Slouched, leathery boots coated in dust and looking as if they’ve seen many a mile, signal that the wearer is a true cowboy.
While many of us wear our boots for fashion, cowboy boots were originally wholly for function and use. The boots of today with the plethora of different leathers, stitching, decoration and Swarovski crystals are a far cry from the days of old when cowboys wore their boots because they had to.
We know this, but how did a riding boot become known as the cowboy boot?
Legend has it that the original cowboy boot was worn by Genghis Khan. Even this great emperor had a stylish flair; he was known for wearing distinctive red boots with a wooden heel. High topped boots with low heels were perfect for riding, and the boots caught on. The first Duke of Wellington (Arthur Wellesley, who famously defeated Napoleon at Waterloo in 1815), wore a characteristic boot as well; footwear we know today as the Wellington. Because of its simple construction (there are 4 different pieces), the Wellington became the model for army supply boots during the Civil War. The cowboy era was ushered in shortly after the Civil War, and thus the evolution of the cowboy boot as we know it began.
A Cowboy’s Boot
Cowboys wore Wellingtons and other variations because the “tall tops of the boots protected your legs; the underslung heels kept your feet in the stirrups.” Each feature of a boot has a purpose.
Long Shaft: The tall leather shaft exists for a variety of reasons. First, consider the lack of laces – the length of the shaft aids in holding the boot in place, while still allowing the boot to come off fairly easily. If a rider falls from his horse and his shoe gets caught – the lack of laces will allow the boot to pull off simply from the rider’s body weight. The tall construction of the shaft also helps keep water out.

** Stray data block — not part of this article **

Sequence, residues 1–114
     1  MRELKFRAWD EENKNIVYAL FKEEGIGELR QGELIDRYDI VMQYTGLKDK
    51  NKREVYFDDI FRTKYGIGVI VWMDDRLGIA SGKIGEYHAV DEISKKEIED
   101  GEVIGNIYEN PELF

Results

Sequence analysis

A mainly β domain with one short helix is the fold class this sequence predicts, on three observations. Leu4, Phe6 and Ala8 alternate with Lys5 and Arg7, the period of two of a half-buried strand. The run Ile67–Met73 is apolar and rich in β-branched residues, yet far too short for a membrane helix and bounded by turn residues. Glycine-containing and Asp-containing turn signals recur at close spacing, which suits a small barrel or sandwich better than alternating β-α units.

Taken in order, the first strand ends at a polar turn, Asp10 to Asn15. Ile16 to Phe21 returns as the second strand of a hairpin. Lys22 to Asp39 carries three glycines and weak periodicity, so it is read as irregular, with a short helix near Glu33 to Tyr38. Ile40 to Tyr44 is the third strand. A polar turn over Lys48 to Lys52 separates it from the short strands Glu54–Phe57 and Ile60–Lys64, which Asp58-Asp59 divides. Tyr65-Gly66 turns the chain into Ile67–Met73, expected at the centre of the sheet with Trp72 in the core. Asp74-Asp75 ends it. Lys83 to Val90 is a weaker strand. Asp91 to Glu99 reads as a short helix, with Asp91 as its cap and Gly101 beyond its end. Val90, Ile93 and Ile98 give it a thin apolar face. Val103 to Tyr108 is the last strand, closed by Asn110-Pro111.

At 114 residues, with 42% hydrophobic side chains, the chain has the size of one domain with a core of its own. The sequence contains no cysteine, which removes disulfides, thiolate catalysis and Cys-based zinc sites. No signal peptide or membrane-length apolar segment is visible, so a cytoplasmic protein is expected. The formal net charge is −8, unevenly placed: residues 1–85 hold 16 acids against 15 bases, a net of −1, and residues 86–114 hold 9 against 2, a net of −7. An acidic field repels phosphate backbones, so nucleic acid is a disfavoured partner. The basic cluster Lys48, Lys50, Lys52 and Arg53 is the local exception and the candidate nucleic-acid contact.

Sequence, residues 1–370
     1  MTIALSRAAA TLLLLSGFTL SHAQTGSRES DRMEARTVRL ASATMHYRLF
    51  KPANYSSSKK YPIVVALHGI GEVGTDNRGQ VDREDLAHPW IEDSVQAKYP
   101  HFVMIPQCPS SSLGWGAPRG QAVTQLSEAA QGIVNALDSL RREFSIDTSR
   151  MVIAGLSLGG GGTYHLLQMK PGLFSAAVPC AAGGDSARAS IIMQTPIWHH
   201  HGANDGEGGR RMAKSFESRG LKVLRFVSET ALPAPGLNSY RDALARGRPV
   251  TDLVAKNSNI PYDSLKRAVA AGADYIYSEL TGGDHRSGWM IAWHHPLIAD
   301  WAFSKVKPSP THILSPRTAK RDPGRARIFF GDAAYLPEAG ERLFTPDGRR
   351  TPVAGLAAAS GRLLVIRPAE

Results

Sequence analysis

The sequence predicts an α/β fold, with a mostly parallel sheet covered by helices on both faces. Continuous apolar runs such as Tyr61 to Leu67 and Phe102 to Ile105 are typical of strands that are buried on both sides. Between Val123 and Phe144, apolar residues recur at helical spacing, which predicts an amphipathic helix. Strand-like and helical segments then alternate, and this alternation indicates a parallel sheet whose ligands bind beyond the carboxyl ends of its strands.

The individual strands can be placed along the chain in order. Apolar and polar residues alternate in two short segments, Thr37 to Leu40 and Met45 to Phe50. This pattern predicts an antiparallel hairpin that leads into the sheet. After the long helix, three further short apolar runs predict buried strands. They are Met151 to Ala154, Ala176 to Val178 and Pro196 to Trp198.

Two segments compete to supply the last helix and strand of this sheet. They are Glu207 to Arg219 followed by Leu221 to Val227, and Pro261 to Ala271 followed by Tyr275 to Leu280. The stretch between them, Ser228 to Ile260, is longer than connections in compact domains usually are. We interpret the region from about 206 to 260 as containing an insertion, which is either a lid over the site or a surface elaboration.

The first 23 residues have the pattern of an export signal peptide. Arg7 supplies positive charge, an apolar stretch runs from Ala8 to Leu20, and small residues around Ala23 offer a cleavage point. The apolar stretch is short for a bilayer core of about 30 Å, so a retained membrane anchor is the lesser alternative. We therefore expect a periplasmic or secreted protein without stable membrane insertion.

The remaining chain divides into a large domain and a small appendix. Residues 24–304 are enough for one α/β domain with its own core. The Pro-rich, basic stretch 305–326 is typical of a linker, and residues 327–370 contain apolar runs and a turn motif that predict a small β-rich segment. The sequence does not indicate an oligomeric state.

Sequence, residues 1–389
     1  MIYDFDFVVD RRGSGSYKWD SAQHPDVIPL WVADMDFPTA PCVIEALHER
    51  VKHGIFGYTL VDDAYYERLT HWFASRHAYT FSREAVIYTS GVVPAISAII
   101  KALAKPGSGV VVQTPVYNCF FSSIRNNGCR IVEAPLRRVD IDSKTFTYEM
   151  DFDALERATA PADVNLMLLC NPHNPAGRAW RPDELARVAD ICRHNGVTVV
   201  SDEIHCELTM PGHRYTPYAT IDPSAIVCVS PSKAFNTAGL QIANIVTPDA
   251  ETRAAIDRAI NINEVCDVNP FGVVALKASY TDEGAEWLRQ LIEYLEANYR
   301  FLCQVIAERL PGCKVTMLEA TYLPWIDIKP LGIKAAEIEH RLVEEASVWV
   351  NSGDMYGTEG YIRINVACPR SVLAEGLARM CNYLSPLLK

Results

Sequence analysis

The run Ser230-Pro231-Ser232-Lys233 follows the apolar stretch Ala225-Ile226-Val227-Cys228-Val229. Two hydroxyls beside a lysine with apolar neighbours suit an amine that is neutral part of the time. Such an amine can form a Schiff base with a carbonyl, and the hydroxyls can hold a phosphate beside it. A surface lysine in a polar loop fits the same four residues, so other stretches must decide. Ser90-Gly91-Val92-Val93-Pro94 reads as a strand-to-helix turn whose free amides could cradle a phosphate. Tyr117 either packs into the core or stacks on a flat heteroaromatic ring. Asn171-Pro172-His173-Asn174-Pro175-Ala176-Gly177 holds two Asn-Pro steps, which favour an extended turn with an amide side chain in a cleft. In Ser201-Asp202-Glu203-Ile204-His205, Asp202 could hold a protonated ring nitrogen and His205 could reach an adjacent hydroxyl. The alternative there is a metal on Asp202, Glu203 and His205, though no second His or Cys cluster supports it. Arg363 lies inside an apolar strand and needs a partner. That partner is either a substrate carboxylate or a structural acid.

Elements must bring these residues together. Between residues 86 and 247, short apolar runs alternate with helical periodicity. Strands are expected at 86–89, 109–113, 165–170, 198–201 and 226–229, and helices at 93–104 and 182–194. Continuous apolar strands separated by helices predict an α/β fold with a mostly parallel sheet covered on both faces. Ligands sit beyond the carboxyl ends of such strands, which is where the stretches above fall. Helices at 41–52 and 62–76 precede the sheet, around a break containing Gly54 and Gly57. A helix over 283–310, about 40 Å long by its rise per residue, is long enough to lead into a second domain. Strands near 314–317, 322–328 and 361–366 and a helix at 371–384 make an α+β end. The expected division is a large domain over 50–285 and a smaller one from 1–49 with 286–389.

The thick leather around the ankle and lower calf protects against rubbing against the stirrup, and also fends off thorns, brambles, tall grass, and the occasional rattlesnake.
Tall Heel: The heel of cowboy boots is very distinctive; rarely (if ever), do men wear heels. But in this instance it is required. Cowboys often ride young, unpredictable horses, and the tall heel prevents the foot from sliding forward in the stirrup – which provides more control and stability.
Pointed Toe: The shape of the toe is also important; it allows the rider to slip their foot easily into the stirrup.
The Roper: This style of boot, with the short shaft, became necessary with the popularity of the modern rodeo. In the calf roping event, cowboys are required not only to ride and rope a calf, they must slide off their horse and run to tie it. Because of the need to run quickly, the shaft was shortened to make it more comfortable.
But, you might ask how the decorative and fashionable cowboy boots came about.
Humans love artistic, beautiful items. Many cowboys owned two pairs of boots – one for working, and one for town. Thus, more and more, the fashion boot became more common. Hollywood also helped this change come about.
“With actors such as Gene Autry and Roy Rogers, Hollywood made heroes out of cowboys and fashion icons out of cowboy boots…Filmmakers adapted the ideals of the era of the cowboy — the rugged individualism, strength, self-reliance and independence — and popularized the cowboy code of honor. The leading men playing those roles wore hand-tooled boots with star designs, embossing and inlays that added to the mystique.”
Whether you’re a working cowboy, or someone who is entranced by the rugged individualism, cowboy boots are for you. There are so many sizes and shapes, anyone can find the perfect pair and feel just like the cowboys of old.
“Every generation at some point discovers cowboy boots. They’re icons.”
This is the third in our series of blog posts about the purpose of western clothing; we’ve covered the cowboy hat and jeans previously. Check them out!
Quotes from Cowboy Boots: The Art and Sole, by Jennifer June.